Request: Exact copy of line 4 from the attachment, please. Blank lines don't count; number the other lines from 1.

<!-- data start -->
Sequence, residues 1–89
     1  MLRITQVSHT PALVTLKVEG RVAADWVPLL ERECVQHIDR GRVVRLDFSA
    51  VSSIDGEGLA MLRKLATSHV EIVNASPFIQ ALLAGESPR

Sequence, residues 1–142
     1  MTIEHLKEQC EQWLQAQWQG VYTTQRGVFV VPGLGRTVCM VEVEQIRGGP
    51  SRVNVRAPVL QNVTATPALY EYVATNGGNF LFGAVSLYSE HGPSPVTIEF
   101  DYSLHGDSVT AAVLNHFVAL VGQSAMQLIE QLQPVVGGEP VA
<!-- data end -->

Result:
Sequence, residues 1–142